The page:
That dichotomy was on display Saturday night as more than 100 protesters, many of them black, blocked traffic and chanted downtown about the verdict and broader perceived injustices. As the police followed the march, the protesters passed group after group of patrons dining outside at fashionable restaurants. Most of the diners were white, and many had come downtown for a Cleveland Indians baseball game. The protesters walked past many such places without incident, but at one point, the police said, a protester threw a sign at a restaurant patron. At other times, baseball fans loudly suggested that the protesters go home.

As the evening progressed and tensions rose, officers ordered demonstrators to leave. Most did not do so, and the police said 71 were arrested, many on charges of aggravated rioting and obstruction of justice.

“We only moved in to make arrests when things got violent and protesters refused to disperse,” Police Chief Calvin D. Williams said. “We want people to understand we’re going to help you in this process, but if things turn violent in this situation, we will take action.”

Despite Saturday’s flare-ups, Cleveland has mostly avoided the violent unrest seen in Ferguson, Mo., where a white police officer fatally shot an unarmed black man last year, and Baltimore, where a black man died after being injured in a police van. Cleveland officials have worked with clergy members and other community leaders in hopes of staving off violence, and the efforts seem to have worked so far.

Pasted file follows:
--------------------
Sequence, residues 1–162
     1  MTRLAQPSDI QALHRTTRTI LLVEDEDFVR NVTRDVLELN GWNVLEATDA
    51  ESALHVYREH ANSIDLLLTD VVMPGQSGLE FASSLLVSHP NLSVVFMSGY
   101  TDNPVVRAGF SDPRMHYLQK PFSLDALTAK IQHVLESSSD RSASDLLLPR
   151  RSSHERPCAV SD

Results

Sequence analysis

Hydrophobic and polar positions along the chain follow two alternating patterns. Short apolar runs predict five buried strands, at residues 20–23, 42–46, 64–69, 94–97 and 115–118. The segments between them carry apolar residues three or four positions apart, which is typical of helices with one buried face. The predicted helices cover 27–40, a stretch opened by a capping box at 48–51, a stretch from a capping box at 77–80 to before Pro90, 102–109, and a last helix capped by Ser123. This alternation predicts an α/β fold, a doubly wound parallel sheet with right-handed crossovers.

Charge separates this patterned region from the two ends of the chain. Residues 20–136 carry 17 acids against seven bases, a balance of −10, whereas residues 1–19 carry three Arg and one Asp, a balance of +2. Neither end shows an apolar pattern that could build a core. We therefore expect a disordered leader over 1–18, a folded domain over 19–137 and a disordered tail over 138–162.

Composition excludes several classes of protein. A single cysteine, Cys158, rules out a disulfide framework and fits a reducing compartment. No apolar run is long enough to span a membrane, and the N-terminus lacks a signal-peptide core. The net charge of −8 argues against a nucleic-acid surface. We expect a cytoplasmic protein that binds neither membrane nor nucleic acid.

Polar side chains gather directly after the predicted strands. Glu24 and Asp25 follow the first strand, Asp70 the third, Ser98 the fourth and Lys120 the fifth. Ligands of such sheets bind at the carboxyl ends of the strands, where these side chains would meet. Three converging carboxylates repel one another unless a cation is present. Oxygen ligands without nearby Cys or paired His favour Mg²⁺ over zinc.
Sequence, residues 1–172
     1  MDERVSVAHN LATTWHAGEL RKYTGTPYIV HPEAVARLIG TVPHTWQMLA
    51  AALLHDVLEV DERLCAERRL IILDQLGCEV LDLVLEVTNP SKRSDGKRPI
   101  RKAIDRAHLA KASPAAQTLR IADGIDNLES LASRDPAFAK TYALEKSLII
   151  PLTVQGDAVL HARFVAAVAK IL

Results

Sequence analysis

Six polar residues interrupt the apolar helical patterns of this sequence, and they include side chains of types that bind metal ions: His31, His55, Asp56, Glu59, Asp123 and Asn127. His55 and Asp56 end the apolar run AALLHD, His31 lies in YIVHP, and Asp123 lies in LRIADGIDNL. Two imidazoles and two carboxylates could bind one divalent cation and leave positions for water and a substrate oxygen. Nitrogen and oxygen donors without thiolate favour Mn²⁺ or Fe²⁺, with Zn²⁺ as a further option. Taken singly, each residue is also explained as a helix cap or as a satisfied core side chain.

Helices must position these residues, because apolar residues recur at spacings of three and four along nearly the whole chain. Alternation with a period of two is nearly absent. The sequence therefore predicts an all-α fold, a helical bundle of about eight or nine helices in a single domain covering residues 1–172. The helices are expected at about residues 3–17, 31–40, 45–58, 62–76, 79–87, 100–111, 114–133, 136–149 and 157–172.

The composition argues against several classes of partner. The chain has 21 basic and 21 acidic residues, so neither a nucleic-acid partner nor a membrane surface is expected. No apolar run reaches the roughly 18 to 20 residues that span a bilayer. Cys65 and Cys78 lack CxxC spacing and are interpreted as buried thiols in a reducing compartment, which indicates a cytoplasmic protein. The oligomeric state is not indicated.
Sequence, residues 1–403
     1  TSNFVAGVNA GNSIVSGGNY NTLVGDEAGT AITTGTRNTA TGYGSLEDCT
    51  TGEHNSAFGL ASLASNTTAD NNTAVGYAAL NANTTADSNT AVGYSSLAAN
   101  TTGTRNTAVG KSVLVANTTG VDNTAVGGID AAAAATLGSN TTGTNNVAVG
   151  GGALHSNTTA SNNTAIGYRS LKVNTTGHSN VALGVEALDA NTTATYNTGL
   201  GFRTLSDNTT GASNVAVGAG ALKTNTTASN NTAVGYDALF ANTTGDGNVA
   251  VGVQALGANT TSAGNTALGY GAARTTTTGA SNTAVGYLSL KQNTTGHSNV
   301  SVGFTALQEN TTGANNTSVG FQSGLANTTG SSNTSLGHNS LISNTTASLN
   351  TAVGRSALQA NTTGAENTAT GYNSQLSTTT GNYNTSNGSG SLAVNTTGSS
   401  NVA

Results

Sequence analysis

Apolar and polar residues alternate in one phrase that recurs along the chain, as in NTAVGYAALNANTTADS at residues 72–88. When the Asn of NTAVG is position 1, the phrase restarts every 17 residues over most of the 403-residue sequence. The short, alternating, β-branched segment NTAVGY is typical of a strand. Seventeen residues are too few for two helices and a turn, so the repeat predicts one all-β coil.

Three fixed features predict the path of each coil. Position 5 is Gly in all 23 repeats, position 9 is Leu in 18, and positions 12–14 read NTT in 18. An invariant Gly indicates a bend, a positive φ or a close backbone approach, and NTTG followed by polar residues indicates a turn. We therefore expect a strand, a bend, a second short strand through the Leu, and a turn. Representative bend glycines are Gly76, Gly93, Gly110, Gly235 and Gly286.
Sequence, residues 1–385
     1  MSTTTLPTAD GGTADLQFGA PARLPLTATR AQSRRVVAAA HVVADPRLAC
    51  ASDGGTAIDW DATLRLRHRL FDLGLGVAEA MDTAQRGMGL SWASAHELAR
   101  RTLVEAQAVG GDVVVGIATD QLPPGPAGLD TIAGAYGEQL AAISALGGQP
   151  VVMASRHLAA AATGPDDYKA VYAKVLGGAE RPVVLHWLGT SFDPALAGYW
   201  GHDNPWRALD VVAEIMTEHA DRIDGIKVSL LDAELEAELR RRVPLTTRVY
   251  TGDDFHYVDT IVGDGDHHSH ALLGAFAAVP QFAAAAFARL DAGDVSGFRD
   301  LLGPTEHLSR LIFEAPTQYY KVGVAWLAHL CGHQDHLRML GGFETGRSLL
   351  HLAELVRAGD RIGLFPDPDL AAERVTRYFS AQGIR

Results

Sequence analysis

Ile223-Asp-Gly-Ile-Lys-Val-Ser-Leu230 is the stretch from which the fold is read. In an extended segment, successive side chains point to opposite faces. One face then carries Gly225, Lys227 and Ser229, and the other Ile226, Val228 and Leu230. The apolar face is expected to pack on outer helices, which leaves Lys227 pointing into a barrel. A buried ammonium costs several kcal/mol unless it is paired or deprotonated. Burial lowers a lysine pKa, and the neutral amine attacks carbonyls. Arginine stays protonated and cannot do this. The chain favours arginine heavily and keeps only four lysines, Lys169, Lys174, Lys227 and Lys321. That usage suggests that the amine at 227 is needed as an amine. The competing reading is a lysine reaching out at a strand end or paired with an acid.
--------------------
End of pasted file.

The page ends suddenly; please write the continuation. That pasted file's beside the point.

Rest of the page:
Greater Cleveland Congregations, the group Elizabeth belongs to, released a statement after the verdict, seeking broad changes to the region’s justice system. The statement mentioned high incarceration rates, racial disparities in arrests and felonies for nonviolent offenders. The congregations group, which is a local chapter of the national Industrial Areas Foundation, also seeks a consent decree between the Justice Department and the Cleveland police.

“I am certain that things are going to change in this community,” Pastor Gibson said from the pulpit Sunday. “I am certain that there will be leadership change in this city.”

But after the service, Pastor Gibson said he was unsure that the city’s leadership was truly committed to change. In news conferences over the weekend, Mayor Frank Jackson repeatedly said that the city welcomed peaceful protests, and that he believed demonstrations could lead to meaningful changes. Through a spokesman, he declined an interview request Sunday seeking further details. Some protesters have spoken in support of an effort to recall the mayor.

In the case involving Officer Brelo, the city has settled wrongful death lawsuits brought by the couple’s families for $3 million. Seventy-five officers have been disciplined for their roles in the chase and the shooting. An internal review that was paused during the trial was expected to resume after the verdict. Officer Brelo will remain on unpaid leave until the review is completed.

After church on Sunday, many at Elizabeth Baptist said they were disappointed in his acquittal, but far from shocked. That lack of surprise, they said, hinted at a deeper problem.

“Leading up to the verdict, there was already conversation about preventing rioting because the assumption was, in fact, that he was going to get off,” said Jacqueline Gillon, a church member and lifelong Cleveland resident. “That’s troubled me from the beginning, that there was never a general belief that justice would be done. It’s another smack in the face for our humanity.”